When you are watching a comic book movie you have to take certain
things for granted. The superpowers, strange villains, things like
that. They are there in a non-existing world; saying they are
implausible is true but not relevant. What a comic book movie needs is
a nice story that is set in its own world (although real existing
places can be there too), an entertaining superhero played by an actor
who is able to really create the character, spectacular visual effects
that fit the action but most of all it needs to breath the right mood.
'Spider-Man 2' did a perfect job, 'X2', 'Blade II' and now 'Hellboy'
come very close. The difference is that 'Hellboy' is the first from
what will probably become a series.
The superhero in 'Hellboy' is, of course, Hellboy (Ron Perlman). How he arrives on earth has something to do with Nazis, around 1944, which we see in the first ten minutes of the movie. Let us say he is just here, present day, on the good side, with a professor named Bruttenholm (John Hurt) as his father figure; he was there when Hellboy came from hell. The villains are the same Nazis, you learn why they are still alive, and a lot of monsters they have created. We also meet a love interest for Hellboy named Liz (Selma Blair) and his new partner, Agent Myers (Rupert Evans).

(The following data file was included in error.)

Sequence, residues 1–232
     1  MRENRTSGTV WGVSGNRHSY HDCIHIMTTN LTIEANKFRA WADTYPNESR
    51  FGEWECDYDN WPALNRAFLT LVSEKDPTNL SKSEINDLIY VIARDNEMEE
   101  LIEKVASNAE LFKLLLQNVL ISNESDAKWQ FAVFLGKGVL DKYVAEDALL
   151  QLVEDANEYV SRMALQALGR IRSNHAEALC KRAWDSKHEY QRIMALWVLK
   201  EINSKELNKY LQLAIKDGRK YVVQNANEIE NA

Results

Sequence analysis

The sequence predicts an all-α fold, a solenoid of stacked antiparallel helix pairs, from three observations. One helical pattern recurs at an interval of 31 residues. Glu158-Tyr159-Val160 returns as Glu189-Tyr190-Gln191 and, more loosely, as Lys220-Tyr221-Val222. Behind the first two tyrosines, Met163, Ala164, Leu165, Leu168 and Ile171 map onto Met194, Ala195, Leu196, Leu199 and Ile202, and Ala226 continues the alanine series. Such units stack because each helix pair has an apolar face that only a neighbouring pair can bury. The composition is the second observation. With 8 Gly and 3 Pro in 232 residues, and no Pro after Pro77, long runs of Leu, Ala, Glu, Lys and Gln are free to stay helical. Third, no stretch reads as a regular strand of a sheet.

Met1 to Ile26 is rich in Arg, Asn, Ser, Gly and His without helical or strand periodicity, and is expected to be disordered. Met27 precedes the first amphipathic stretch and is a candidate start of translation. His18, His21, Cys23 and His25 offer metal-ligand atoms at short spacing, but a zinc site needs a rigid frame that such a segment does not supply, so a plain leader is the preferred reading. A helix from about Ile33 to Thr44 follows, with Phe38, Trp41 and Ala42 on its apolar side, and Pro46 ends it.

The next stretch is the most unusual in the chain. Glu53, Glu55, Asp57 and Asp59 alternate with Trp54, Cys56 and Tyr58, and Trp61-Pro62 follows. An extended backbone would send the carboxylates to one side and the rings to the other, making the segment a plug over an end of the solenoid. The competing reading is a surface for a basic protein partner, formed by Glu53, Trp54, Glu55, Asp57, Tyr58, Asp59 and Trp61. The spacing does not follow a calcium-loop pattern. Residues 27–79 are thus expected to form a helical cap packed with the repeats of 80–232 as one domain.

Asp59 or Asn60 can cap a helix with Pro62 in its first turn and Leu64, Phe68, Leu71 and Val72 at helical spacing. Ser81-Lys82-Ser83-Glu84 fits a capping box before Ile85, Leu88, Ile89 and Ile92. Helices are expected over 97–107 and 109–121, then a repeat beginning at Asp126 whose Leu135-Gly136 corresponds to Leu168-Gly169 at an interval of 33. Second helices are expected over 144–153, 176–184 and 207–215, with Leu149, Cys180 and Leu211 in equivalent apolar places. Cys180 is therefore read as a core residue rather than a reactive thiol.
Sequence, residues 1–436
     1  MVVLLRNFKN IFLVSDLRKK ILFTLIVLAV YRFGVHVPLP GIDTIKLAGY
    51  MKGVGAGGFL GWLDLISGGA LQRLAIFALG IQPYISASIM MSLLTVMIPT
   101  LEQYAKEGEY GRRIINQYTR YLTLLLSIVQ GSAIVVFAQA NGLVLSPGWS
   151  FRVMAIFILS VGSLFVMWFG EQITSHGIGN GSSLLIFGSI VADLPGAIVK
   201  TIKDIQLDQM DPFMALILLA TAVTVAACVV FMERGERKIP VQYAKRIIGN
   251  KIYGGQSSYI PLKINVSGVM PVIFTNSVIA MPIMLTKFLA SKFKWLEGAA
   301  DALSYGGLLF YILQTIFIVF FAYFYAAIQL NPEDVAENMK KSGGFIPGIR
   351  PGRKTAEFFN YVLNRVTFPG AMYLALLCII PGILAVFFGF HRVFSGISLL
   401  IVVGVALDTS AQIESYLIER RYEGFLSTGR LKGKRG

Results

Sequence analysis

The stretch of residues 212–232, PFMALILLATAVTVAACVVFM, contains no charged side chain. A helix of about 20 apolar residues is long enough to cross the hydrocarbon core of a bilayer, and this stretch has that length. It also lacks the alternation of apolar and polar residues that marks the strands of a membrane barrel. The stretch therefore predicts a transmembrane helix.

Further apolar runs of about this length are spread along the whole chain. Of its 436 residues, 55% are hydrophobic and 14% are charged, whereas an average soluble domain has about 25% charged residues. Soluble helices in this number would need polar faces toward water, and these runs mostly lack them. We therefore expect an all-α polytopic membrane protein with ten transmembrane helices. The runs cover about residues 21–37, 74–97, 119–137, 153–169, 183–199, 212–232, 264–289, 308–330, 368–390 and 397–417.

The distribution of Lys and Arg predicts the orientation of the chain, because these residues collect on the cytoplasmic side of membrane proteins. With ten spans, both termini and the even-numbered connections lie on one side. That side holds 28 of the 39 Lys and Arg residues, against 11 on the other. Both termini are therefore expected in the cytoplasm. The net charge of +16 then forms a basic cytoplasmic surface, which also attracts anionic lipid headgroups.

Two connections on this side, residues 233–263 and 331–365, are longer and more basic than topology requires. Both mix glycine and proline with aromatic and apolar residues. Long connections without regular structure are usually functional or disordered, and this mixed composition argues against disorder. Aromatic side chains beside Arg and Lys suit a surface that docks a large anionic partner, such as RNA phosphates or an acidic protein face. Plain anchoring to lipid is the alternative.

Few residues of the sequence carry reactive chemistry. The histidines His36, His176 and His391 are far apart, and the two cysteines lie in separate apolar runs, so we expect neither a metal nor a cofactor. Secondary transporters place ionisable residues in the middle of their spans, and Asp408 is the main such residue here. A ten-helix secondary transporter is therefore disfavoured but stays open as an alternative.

So Hellboy will fight the Nazis and the monsters, but there is more. His father figure is close to death and the love interest, who sets on fire when she is excited, is not really interested. What makes this movie entertaining, besides the right mood we constantly feel, is the dry humor Ron Perlman brings to the character. Hellboy is supposed to be a secret for the outer world although rumors of his existence are there. When Agent Myers goes for a walk wit Liz Hellboy gets jealous and follows them over rooftops where he encounters a nine year old boy. The boy recognizes Hellboy and the scenes that follow the encounter are close to brilliant.